International Labour Laws

Labour laws, globalization and the economy.

What are International Labour Laws?

International labour law is a body of international laws concerning rights and duties of employees, employers, trade unions and governments in regulating the workplace.

International Labour Organization

The International Labour Organization is a tripartite union which brings together governments, employees and employers in 187 states to discuss labour standards, develop policies and create programmes that promote decent work for all men and women. This organization gives an equal voice to workers, employers, and governments to ensure that the views of the social partners are closely reflected in labour standards and in shaping policies and programmes.


The mission of the International Labour Organization is to promote social justice and internationally recognized human and labour rights. They believe that social justice is essential to universal and everlasting peace.

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Labour Laws in Canada

Federal labour standards are established under part III of the Canada Labour Code, which sets out minimum standards that federally regulated employers and employees must follow. In this code of conduct, it includes hours of work, wages, harassment etc.


Canada has been a major participant in the ILO from the beginning and was a founding member of the organization in 1919.The federal Parliament went so far as to include in the Preamble of the Canada Labour Code reference to the ILO Conventions and the broadly defined principles of freedom of association.

In managing Canada's ILO participation, the International Labour Affairs Division of the Labour Program:


  • Develops government positions on ILO-related issues in consultation with other federal departments, the provinces and territories, and Canadian worker and employer organizations. ILA works closely with officials of the Department of Foreign Affairs, both in Ottawa and at the Canadian Permanent Mission to the United Nations in Geneva, to ensure effective Canadian representation and involvement.
  • Consults with the above-mentioned partners on a wide range of international labour issues, ILO questionnaires, reports and government positions on the development of international labour standards.
  • Provides information to the ILO on Canadian labour law and practice; monitors, assesses, and reports on Canadian compliance with ILO conventions; and ensures that federal and provincial government responses to ILO supervisory bodies, including the Committee on Freedom of Association, are provided in a timely manner.
  • Manages the process for Canadian ratification of ILO Conventions.
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Globalization

Globalization is the process by which societies, cultures, politics and economies around the world are becoming increasingly integrated. As a result of globalization, countries from around the world form political, social and economic relationships with different nations.


Economic globalization refers to the increasing integration of world economics that results from the increased results from the free trade of products and services. Countries are able to share capital, production, labour markets, technology and resources and this results in lower labour costs for distributors and lower prices for consumers.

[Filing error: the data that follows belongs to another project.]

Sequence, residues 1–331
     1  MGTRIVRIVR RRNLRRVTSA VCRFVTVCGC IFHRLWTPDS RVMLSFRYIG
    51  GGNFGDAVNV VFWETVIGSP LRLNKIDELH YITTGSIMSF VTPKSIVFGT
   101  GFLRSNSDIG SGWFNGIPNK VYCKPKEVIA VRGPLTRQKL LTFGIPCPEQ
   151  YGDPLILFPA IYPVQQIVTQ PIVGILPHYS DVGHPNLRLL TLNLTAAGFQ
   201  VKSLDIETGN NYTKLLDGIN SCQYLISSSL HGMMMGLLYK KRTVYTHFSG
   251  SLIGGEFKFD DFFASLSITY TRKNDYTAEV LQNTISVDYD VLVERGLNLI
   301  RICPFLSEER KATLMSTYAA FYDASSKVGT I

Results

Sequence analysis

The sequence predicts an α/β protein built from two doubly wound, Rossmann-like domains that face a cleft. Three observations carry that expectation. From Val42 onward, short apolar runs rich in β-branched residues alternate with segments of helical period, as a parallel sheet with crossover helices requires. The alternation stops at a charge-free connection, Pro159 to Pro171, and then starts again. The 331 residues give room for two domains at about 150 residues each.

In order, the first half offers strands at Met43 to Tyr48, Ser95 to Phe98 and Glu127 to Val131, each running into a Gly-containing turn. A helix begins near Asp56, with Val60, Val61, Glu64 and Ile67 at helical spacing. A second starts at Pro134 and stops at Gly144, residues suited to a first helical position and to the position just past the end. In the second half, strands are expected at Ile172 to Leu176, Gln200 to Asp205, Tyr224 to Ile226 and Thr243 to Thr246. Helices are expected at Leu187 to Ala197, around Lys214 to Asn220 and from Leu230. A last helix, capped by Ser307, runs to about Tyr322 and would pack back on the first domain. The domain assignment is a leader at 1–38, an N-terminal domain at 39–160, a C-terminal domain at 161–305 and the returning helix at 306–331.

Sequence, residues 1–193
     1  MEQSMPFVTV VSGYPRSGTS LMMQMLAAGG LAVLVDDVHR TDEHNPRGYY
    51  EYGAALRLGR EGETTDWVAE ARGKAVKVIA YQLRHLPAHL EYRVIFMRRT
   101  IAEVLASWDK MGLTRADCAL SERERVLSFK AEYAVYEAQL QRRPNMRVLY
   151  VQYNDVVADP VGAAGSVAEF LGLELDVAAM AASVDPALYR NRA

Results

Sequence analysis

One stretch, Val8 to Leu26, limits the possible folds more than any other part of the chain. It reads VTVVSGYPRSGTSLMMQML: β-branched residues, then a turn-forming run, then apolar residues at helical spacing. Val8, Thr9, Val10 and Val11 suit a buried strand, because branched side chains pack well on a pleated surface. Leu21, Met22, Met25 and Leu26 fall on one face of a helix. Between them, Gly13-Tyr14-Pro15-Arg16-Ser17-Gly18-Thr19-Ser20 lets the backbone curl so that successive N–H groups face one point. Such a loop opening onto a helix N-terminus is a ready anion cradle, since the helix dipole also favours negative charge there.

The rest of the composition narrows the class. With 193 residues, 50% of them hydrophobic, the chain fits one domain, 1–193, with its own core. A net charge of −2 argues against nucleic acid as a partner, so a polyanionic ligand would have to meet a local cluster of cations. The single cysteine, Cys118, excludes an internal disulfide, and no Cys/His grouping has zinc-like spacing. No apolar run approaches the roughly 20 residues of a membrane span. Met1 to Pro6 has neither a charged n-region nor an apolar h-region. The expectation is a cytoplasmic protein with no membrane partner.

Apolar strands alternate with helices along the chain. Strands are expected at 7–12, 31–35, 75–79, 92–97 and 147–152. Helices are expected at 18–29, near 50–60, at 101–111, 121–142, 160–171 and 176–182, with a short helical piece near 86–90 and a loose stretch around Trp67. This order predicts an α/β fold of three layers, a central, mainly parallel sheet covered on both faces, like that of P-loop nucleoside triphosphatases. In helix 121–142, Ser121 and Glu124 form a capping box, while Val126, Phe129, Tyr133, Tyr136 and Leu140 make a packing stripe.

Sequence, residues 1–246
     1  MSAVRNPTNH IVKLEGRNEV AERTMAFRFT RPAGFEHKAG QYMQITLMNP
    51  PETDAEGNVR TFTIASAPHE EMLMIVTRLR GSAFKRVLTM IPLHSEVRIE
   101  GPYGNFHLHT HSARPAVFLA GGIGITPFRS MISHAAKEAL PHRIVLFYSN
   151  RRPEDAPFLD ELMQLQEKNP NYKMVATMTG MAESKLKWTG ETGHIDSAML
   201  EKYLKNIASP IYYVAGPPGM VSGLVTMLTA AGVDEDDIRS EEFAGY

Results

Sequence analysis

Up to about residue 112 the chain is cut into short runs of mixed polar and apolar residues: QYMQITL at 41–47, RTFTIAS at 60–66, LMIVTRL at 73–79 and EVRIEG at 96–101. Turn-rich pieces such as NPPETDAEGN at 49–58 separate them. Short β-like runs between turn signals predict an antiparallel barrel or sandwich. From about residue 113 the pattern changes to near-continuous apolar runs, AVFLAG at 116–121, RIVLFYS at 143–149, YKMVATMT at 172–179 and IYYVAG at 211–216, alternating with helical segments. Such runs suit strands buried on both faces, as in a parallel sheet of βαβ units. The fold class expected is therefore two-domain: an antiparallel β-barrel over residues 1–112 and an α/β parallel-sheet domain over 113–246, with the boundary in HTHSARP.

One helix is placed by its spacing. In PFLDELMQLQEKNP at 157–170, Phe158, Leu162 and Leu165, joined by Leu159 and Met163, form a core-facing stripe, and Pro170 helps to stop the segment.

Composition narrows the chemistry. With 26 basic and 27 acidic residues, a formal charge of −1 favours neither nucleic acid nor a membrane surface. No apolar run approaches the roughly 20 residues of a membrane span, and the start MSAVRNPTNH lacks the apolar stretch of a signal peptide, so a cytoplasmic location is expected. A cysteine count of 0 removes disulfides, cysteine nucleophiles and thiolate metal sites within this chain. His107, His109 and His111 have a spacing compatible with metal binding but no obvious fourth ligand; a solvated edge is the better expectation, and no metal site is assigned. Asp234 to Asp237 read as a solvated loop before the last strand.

Free market capitalism is a market system in which producers are free to enter a line of business and sell their product at a price they choose. Consumers are also free to buy products at a price they are willing to accept. Free market capitalism has shown to have a positive effect on globalization because it leads to the global distribution of goods and services through reduction of barriers to international trade. As a result, there is now economic growth in both developed and developing countries.

Video on Globalization

Globalization easily explained (explainity® explainer video)
Watch this informative video from 0:53 - 3:37. This video explains what globalization is as well as the pros and cons of globalization.

Pros and Cons of Globalization

Pros


  • Free trade is supposed to reduce barriers such as tariffs, value added taxes, subsidies, and other barriers between nations but this is not true considering there are still many barriers to free trade.
  • The proponents say globalization represents free trade which promotes global economic growth; creates jobs, makes companies more

    competitive, and lowers prices for consumers.

  • Competition between countries is supposed to drive prices down. In many
  • cases this is not working because countries manipulate their currency to get a price advantage.


Cons


  • Workers in developed countries like the US face pay-cut demands from employers who threaten to export jobs. This has created a culture of fear for many

    middle class

    workers who have little leverage in this global game
  • Large multi-national corporations have the ability to exploit tax havens in other countries to avoid paying taxes.
  • Multinational corporations are accused of social injustice, unfair working conditions. as well as lack of concern for environment, mismanagement of natural resources, and ecological damage.

New International Division of Labour Theory

Companies take advantage of advances in telecommunications and transportation to aid in their globalization in hopes of increasing their profit. Many North American apparel retailers have relocated their labour-intensive factories to Asia where labour costs are lower. The New International Division of Labour Theory is the theory that commodity production can be divided and assigned to different areas of the world which would provide the most profitable combination of both capital and labour. By increasing international trade, globalization has produced an industrial shift relocating means of production to developing countries.